Minimum wage in 2020: increases by state. An overview of the states planning to increase minimum wage rates and recent employment settlements for labor law violations.
Nearly half of the states across the U.S. will increase minimum wage requirements for workers in 2020, according to research by Paycor.
The federal minimum wage for nonexempt workers remains set $7.25, but businesses operating in states with laws requiring a higher amount must pay workers at the higher rate.
Minimum Wage Increases by State in 2020
Here is a list of effective and planned minimum wage increases by state in 2020 as previously identified by Paycor:
|State||2019 Minimum Wage||2020 Minimum Wage|
*$13.00 rate is for California employers with 26 or more employees. Employers in California with 25 or fewer employees have a minimum wage of $12.00 per hour.
|Connecticut||$11.00||$12.00 effective September 1, 2020|
|Washington D.C.||$14.00||$15.00 effective July 1, 2020|
*$10.00 rate is for large employers. Small employers have a minimum wage of $8.15 per hour.
|Nevada||$7.25 rate for Nevada employees who are offered health insurance. $8.25 rate for employees who are not offered health insurance.||$8.00 minimum wage for employees with health insurance and $9.00 minimum wage for employees without health insurance effective July 1, 2020.|
*Statewide minimum wages apply in areas that are not governed by a higher, local minimum wage ordinance
See Paycor for a breakdown of minimum wage requirements for each state in 2020.
Minimum Wage Compliance
Whenever there’s a legal change governing wages, worker classifications or paid leave requirements, it’s a good time to review current practices and make the necessary changes to ensure compliance.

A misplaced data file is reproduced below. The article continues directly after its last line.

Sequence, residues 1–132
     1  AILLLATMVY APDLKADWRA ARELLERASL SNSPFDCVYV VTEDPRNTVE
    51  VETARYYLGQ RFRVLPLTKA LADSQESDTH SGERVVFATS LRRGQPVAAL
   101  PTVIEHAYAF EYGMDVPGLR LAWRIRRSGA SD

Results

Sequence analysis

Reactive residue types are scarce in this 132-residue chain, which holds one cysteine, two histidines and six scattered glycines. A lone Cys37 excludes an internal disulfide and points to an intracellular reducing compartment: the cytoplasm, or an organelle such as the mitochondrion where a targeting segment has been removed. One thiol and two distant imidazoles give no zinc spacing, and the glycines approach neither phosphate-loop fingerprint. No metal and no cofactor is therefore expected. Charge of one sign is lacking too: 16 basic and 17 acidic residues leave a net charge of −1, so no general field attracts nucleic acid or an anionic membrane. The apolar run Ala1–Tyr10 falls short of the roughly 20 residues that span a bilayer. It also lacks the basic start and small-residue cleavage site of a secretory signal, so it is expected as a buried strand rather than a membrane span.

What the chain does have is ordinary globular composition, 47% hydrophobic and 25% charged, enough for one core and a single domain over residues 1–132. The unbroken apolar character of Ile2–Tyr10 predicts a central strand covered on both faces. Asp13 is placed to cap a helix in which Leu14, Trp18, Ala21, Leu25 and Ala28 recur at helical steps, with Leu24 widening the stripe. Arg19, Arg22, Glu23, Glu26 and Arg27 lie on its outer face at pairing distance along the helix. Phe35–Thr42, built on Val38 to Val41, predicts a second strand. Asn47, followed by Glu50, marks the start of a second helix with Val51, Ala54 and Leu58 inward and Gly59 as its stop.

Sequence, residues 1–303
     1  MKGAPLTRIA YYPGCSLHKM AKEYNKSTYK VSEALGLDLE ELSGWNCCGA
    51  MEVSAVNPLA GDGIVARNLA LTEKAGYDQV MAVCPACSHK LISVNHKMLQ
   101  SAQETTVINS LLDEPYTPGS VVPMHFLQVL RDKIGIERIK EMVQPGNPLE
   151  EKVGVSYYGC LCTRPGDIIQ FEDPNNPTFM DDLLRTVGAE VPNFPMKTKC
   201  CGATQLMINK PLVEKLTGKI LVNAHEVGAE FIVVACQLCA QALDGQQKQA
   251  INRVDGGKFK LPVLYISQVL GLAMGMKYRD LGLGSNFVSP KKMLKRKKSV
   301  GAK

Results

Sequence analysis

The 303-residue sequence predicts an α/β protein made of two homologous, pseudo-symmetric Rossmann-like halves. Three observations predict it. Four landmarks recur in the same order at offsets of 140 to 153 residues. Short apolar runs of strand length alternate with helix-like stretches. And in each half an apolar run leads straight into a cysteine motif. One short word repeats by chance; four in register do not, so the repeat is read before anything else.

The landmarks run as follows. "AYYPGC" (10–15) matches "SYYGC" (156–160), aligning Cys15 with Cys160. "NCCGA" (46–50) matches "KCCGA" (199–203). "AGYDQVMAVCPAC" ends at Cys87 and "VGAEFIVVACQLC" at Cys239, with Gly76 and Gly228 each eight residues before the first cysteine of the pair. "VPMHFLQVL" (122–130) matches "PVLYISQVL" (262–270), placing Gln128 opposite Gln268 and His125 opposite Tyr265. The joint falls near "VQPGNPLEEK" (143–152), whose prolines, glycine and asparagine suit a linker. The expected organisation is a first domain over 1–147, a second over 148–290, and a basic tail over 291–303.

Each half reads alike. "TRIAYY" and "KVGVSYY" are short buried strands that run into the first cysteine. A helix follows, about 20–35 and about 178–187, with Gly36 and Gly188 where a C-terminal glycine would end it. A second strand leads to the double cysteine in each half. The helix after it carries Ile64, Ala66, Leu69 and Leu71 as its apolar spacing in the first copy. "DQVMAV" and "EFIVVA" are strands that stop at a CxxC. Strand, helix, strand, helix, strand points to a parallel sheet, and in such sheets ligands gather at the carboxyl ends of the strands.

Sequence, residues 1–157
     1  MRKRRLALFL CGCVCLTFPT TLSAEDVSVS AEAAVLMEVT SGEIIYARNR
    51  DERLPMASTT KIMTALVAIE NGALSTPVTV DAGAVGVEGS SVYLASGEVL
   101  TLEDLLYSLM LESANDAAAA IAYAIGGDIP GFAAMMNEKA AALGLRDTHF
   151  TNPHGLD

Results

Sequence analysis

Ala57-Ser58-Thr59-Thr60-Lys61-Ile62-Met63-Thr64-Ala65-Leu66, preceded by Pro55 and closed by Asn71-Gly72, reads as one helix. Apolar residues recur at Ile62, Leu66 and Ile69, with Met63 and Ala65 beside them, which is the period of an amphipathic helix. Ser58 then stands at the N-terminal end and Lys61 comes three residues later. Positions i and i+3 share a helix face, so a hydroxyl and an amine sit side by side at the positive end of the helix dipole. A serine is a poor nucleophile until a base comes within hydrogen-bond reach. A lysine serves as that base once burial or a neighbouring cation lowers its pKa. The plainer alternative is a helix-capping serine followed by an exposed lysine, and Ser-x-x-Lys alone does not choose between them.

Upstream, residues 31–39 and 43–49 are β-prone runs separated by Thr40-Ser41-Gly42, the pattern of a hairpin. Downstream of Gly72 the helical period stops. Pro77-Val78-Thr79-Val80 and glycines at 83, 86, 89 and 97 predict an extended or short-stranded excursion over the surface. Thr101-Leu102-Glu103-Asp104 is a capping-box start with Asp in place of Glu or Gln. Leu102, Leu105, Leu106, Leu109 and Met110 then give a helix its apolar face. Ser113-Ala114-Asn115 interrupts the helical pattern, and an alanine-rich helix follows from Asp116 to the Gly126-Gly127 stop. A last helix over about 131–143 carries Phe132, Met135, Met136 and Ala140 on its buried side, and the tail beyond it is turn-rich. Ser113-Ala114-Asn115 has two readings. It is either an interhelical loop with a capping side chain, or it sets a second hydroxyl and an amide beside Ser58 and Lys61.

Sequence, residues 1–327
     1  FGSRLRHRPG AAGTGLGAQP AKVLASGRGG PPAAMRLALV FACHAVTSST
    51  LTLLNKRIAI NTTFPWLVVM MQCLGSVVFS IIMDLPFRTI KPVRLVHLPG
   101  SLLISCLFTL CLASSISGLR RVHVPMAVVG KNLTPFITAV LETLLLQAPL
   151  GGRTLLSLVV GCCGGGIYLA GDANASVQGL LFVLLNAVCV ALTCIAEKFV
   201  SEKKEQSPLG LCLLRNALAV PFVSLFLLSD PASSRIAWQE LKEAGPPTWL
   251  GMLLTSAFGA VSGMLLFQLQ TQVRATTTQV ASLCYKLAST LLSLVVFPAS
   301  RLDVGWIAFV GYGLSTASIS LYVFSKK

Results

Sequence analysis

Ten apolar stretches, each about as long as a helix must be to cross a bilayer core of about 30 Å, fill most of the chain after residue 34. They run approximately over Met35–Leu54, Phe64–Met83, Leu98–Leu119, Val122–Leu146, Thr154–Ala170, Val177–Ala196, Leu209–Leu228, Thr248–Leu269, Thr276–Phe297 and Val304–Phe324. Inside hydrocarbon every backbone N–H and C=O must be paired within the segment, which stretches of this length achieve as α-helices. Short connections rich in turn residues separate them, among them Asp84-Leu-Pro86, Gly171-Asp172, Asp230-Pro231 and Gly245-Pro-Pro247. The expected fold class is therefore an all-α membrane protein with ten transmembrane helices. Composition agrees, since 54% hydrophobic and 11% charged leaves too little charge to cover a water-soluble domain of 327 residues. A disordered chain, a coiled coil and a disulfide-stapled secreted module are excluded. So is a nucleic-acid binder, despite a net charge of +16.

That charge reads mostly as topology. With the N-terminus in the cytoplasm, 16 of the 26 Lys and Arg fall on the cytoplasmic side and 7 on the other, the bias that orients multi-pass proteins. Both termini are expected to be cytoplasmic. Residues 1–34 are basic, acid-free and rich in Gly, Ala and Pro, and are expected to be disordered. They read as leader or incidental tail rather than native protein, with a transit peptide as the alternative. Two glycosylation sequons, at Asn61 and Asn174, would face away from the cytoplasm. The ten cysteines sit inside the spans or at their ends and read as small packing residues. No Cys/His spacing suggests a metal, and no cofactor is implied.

Employment settlements for these types of violations are costly. Starbucks recently agreed to pay $176,000 over sick leave violations. Walmart was just ordered to pay $54.6 million to truck drivers who sought back pay for time spent in layover, a mandatory break required by the U.S. Department of Transportation, that Walmart exercised control over. Big Lots Stores will pay $7 million to settle a lawsuit brought by workers alleging a host of violations including unpaid overtime and minimum wages, non-compliant wage statements, wages not timely paid and not paid at termination.
Avoid the costs of noncompliance by monitoring federal, state and local workplace legislation, making changes to policies as needed, and following up with supervisors to ensure the legal precedent for policy changes are well understood.
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